I get up around 6:30 and listen to the radio for 15 minutes. I go downstairs to make the coffee and turn on the morning television news. When my daughter gets up, we switch the TV to ‘educational’ cartoons.
Then it’s to the home office. I go to Google News and read the headlines. A few minutes later I check email, which usually includes messages from the local newpaper and the NY Times.
By 8 o’clock I am listening to MP3s on the computer, or maybe listening to nothing at all. On my way to meetings I am likely on the phone, or listening to a variety of radio stations, skipping through an entire commercial break.
When the day is done, I get the mail and watch the nightly national news for about 20 minutes.
With such a wide variety of media consumed throughout the day, and only short bits of each every here and there, how in the heck are YOU, the ADVERTISER, going to reach me? And keep me?
Well, if my guess for the not-so-distant future is correct, it will go something like this:
YOU will use the traditional media (radio, television / cable, newspapers, billboards) to SLOWLY attract me to your BRAND. As time passes, this will take longer and longer. Oh, and your message better solve a problem that I have. And you had better make it interesting.
Okay, so let’s assume after all this time, I get sucked into your message. And I want your product or service. My very next move is to search for your website.
Oh, you don’t have a website? Game over. I am frustrated by your inability to provide helpful information that I need. You lose. And I will likely search / find your competitor.
Oh, you have a website, but it sucks? Game over. I think you are unprofessional and don’t deserve my hard-earned money.
BUT let’s assume you have a decent site and you haven’t forced me to sit through a ridiculous ‘flash intro’… Let me see your product or service. Then show me the purchase options. And / or show me how to contact you by email, phone, and in person. That’s it. That’s all that I wanted.
But this is where the future of marketing comes into play.
Every day thousands of local businesses do business with thousands of local shoppers. People walk in, buy stuff, and leave. The vast majority of the time, the business makes little or no effort to gather customer information. What these businesses aren’t realizing is that these people, their very customers, are their bread and butter.
They need to collect their customers into a database. Whatever they can get, they should get. Name, street address, phone, email address, gender, age, what they bought, etc. They should get the year, make and model of the customer’s car. Do they have kids? Do they have pets? How are they dressed? What time of day did they visit? Did they only buy stuff that was on sale? How much did they spend? You could go on and on. The more the merrier. (Just keep the info safe.)
The more you know about an individual person, the better you can build a relationship with them. FACT: Better relationships have better transactions, and more of them.
Imagine you own a hardware store. You advertise on the radio. After a few months, I respond for a “Super Sale” you are having, and I buy a hammer.
Two months later, I visit again, to waste some time on a Saturday afternoon. Since you’re the owner, would you prefer that your sales associate…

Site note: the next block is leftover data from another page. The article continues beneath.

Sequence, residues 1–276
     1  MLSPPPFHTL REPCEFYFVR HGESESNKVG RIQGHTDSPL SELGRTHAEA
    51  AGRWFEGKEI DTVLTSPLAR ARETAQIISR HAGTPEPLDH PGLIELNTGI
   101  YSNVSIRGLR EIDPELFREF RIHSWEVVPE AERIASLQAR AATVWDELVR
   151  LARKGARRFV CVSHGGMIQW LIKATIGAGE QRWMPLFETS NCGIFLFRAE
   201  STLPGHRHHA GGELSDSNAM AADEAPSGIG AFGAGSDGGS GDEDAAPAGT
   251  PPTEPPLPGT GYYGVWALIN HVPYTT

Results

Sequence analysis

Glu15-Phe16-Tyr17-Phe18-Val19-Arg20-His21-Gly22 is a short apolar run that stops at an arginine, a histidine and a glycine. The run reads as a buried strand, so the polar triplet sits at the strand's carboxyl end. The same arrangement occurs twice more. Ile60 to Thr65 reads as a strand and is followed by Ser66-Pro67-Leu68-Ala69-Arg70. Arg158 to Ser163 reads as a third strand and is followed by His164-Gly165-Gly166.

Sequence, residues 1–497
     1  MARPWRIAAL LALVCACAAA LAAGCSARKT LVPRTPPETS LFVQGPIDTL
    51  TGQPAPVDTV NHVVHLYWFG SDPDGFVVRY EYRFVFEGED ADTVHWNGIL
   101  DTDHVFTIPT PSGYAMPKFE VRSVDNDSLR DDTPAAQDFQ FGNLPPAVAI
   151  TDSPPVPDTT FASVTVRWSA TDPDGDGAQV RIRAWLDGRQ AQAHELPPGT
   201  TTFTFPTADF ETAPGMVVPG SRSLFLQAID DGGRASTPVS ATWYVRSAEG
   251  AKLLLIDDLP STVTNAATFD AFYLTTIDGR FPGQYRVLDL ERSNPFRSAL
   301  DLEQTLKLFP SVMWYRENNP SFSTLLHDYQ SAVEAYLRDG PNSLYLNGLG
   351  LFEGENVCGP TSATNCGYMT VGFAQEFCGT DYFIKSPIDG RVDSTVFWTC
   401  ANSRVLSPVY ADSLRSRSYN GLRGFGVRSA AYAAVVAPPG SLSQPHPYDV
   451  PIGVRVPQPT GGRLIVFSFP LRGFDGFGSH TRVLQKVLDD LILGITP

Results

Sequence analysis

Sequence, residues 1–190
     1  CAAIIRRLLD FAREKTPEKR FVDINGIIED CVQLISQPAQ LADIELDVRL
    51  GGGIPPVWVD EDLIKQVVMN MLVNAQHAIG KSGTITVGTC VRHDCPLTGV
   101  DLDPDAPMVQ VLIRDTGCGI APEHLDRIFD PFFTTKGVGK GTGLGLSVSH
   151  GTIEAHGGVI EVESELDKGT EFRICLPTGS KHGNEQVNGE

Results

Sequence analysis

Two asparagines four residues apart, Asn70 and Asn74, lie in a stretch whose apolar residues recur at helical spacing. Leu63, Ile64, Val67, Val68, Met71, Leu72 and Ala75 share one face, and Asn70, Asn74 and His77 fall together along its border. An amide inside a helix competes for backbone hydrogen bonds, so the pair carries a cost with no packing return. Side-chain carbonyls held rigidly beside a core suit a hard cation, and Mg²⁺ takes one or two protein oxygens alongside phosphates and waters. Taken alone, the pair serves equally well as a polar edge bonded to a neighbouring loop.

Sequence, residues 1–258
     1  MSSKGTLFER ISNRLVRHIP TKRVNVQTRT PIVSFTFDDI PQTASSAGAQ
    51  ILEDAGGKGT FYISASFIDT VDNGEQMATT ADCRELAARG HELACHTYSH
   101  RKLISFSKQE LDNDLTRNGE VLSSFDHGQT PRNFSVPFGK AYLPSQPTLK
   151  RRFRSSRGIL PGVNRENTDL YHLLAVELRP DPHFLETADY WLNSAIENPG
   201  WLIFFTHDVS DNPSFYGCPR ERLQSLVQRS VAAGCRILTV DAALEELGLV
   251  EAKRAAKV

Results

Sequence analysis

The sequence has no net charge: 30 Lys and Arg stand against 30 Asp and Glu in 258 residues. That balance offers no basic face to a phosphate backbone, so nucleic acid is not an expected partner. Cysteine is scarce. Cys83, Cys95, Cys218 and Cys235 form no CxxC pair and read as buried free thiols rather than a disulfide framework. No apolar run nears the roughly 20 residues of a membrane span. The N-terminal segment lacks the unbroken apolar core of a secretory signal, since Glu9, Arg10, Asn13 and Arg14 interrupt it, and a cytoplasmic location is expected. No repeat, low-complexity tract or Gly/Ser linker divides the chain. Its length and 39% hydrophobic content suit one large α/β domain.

A) knows nothing about me besides my obvious gender, general age, etc.
B) knows my gender, age to the year, that I own a home built in 1989, am married, have a young child, and recently purchased a hammer…
If you’re following along, you’d prefer ‘B’. You see, by knowing more about me, your salesman can easily start a conversation like, “Hey, how’s it going? Did that hammer work out for you? You know, last week we set up this backyard gym display. I thought it would look great in your back yard and that your daughter would really enjoy it. Would be a nice holiday gift… You could really spend a lot of time playing on it with her.”
This method of sales is going to sell more back yard gym sets than ever before. And it gets better:
Today’s technology allows YOU, the business owner, to not only keep track of this data, but to also use the data to send custom ad campaigns to your customers… as detailed as you wish… either over email, or through the snail mail. And soon, these custom message will come over cable TV as well.
In the past, advertisers might promote new kitchen countertops to thousands upon thousands of customers in the area. Today, the same advertiser can send custom messages to ONLY wealthy homeowners living in houses built between 1975 and 1990… And these same messages can be personalized to include my name and other ‘friendly’ information about me.
In the future, starting tomorrow, Traditional Media will be used to 1) encourage attention from prospective customers in general, and 2) make current customers in general feel good about having done business with you.
Plus, your website is a TOOL to 1) encourage new prospects to visit your store, either online or physical, and 2) allow existing customers to learn about your additional products and services.
And most importantly, businesses MUST collect 1) contact info, and 2) supporting data from their visitors and customers. This data is KEY for 1) developing relationships, 2) making custom sales pitches, and 3) staying in touch.
It is my opinion that approximately 80% of your future business is already doing business with you, and can refer you to others. You had better take care of that 80%.